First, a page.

Verona is filled with the sound of corks popping as Vinitaly, the trade fair that offers a taste of the best wine from the ‘Bel Paese’, returns after a two-year absence. As Monocle finds out, its attendees’ glasses are much more than half full.
The person wolfing down a plate of fried food at 09.30 can’t be Italian. A croissant or two perhaps, accompanied by a frothy cappuccino; but that fodder? At that time? Surely not. Once you cross the ticketed threshold of the gargantuan space that houses Vinitaly, the world’s premier Italian wine expo, it soon becomes apparent why early-morning carb loading could be a good idea. Here you might well sample a Pugliese rosé for breakfast in the name of research.
Every spring the picture-postcard-perfect northern Italian city of Verona gets gently sozzled on wine. It starts in the historic centre, where every shop, from baker to perfumer, displays bottles in its windows – often the wineries of friends or family. Restaurant reservations are made months in advance and the city’s taxi industry capitulates under the weight of demand.
Over in Piazza dei Signori, people are getting wobbly at “Vinitaly in the City”, a collection of wine stands. For €15 you get three tastings and the chance to wear a faintly ridiculous wine glass holder around your neck. A little further away at Osteria del Bugiardo, a long table has been set up outside and people are gathered sipping bubbly. But the main draw remains the fair itself, located slightly out of the centre and held in a vast campus that feels like a Hollywood set. It’s dominated by a series of pavilions representing Italy’s wine regions, from Piedmont and Tuscany to Sicily and Alto Adige. This year one of the buzzwords is “relaunch” after the disruptions of the pandemic. Giovanni Mantovani, CEO of Veronafiere, the organisation behind Vinitaly, is keen to tell Monocle that 2022 is “a good vintage”. Despite complications – namely China’s coronavirus-related limited attendance and Russia’s ban – some 88,000 attendees are expected. Awaiting them are more than 4,000 wineries uncorking bottles at stands.
“Everyone has been out of commission for two years – 2022 is even more special here than usual”
“This fair is about finding the right importers,” says Simone Sedilesu, the wine-maker behind Sardinia’s VikeVike. “It’s not just selling but selling the story.”
For the Italian wineries here, the goal is to find new markets. And given that the US remains the biggest buyer, it’s no surprise that we hear so many American accents. New Yorker Devi Taraj, attending with US importer Selected Estates of Europe, calls Vinitaly a “crazy, overwhelming experience”. But she also says that this year is “even more special as everyone has been out of commission for two years”.
With a focus on orange and organic wine, the debate rages among wine-makers over whether to join the club – especially given the mixed quality of natural wine. Arrigo Barion from Tuscan winery Casale dello Sparviero, which will switch entirely to organic by 2023, says that the argument is complex. “Organic is good but it needs to be sustainable,” he says. “On its own, it isn’t.”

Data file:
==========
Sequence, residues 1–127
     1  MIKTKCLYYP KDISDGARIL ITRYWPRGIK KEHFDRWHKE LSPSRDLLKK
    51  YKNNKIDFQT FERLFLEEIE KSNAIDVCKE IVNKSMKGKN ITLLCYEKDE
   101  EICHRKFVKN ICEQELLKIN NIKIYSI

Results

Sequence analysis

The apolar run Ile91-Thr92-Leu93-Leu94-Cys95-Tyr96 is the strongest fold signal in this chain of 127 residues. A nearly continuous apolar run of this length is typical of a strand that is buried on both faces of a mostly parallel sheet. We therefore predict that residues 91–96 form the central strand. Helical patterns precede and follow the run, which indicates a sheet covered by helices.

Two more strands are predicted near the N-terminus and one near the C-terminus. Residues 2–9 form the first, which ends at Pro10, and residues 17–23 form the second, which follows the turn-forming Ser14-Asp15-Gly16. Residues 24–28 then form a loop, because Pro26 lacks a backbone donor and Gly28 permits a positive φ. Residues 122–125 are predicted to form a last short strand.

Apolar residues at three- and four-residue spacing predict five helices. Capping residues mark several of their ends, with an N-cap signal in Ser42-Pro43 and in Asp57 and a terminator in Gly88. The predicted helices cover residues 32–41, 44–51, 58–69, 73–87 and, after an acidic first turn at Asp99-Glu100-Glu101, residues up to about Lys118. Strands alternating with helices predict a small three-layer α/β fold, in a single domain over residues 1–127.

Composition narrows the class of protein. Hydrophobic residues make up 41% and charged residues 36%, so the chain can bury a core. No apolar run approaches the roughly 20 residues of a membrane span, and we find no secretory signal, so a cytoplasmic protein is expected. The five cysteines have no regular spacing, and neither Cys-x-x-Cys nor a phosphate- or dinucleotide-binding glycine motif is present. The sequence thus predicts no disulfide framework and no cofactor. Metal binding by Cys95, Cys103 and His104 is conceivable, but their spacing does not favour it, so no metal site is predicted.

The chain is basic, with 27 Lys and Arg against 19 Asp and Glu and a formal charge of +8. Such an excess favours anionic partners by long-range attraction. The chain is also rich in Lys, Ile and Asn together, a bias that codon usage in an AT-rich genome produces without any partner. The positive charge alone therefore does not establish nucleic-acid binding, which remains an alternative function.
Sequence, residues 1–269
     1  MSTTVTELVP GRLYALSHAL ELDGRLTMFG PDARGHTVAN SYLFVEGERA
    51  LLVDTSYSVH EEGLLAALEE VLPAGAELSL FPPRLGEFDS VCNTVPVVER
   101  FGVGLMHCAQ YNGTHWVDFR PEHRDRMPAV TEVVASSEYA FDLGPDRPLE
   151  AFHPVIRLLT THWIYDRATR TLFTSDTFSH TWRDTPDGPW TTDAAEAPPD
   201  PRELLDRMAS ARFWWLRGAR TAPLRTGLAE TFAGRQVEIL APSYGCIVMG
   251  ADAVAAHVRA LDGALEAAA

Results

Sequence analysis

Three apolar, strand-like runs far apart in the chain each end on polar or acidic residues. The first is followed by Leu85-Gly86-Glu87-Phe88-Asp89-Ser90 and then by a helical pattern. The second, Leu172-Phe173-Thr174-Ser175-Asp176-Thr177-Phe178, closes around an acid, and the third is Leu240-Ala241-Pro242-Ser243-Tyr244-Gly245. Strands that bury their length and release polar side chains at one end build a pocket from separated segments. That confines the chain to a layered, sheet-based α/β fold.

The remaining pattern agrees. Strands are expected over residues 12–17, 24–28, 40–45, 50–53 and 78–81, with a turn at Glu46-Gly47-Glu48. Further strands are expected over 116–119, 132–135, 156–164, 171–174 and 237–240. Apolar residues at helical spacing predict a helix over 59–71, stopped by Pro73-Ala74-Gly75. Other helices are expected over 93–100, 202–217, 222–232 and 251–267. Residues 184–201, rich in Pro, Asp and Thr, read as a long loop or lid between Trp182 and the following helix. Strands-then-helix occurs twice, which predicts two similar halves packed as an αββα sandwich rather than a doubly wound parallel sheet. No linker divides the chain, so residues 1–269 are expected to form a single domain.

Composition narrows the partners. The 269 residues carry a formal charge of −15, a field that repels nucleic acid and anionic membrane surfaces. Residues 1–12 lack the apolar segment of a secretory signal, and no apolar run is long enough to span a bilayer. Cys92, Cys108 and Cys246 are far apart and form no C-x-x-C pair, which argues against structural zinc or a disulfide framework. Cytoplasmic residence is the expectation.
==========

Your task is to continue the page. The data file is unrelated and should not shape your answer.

In the Sicilian pavilion there is practically a stampede around the Donnafugata stand, while the Alto Adige/Südtirol area is the busiest that Monocle witnesses. Yet despite the obvious competitive nature of an event like this, there is also a rather festive spirit – aided, of course, by the alcohol.
“I’ve seen wineries enthusiastic about being back in person,” says Veronafiere’s Mantovani. “So much information is exchanged.” The chance to swill, sniff and sip in good company feels like more of an elixir than ever. Perhaps 2022 is a rather good vintage after all.
Wine critic ChandraKurt’s top 10 tipples to try.
Soave Classico 2019, La Rocca, Pieropan
This blend is energy, elegance and surprise.
Casalferro 2018, Castello di Brolio, IGT Toscana
A deeply structured and expressive merlot.
RosaMati 2021, Fattoria Le Pupille, IGT Toscana Rosato
This syrah rosé is pure palate pleasure.
Sette Anni 2013, Angelo Negro, Roero Arneis DOCG
A great white from a maker of fine reds.
Trebbiano d’Abruzzo 2019, Vigna del Convento di Capestrano, Valle Reale
Refreshes the palate.
Mimesi 2020, Tenuta di Ghizzano
Vibrant and intense with an impressive finish.
Passorosso 2019, Etna Rosso, Passopisciaro
One of the best Etna wines from Sicily.
Ca’del Bosco Vintage Collection, Dosage Zéro
Notes of seaweed, lime and white roses.
Dolcetto d’Alba 2019, Mascarello Giuseppe e Figlio
The Mascarello family vinifies heavenly barolos. A flavour explosion.
Taurasi Riserva 2015, Gulielmus, Tenute Capaldo Ripe plums, liquorice and leather.
Who better to speak to about Vinitaly than some of Verona’s wine experts? The conversation flows from the fair to the effect of tourism on the industry. There’s also great food and, naturally, excellent wine.
Verona is an apt host for Vinitaly given its proximity to Valpolicella, one of Italy’s best denominations, as well as soave and bardolino growing areas. Monocle sits down with six Veneto wine producers to talk about the fair, industry insights and all things grape-related.